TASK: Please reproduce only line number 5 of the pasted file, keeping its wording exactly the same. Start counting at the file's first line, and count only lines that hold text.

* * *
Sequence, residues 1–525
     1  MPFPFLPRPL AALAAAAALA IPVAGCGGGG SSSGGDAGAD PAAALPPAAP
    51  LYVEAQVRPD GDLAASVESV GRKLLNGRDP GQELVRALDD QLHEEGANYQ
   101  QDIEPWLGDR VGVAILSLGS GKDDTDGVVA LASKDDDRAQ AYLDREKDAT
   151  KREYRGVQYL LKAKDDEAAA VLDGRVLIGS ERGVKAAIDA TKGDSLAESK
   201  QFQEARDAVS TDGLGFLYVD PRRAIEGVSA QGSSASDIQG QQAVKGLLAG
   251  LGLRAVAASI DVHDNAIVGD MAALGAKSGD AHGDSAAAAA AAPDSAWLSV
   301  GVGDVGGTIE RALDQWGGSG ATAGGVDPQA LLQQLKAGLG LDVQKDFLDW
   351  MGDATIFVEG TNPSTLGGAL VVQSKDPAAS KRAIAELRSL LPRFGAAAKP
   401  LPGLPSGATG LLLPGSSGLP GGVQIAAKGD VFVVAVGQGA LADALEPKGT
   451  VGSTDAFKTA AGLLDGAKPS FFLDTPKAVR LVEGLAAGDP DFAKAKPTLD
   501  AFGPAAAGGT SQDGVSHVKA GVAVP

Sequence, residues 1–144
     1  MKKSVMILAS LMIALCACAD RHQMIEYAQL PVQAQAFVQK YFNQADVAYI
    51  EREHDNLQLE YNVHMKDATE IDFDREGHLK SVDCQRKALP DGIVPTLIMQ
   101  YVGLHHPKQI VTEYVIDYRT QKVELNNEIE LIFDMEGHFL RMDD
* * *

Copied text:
   151  KREYRGVQYL LKAKDDEAAA VLDGRVLIGS ERGVKAAIDA TKGDSLAESK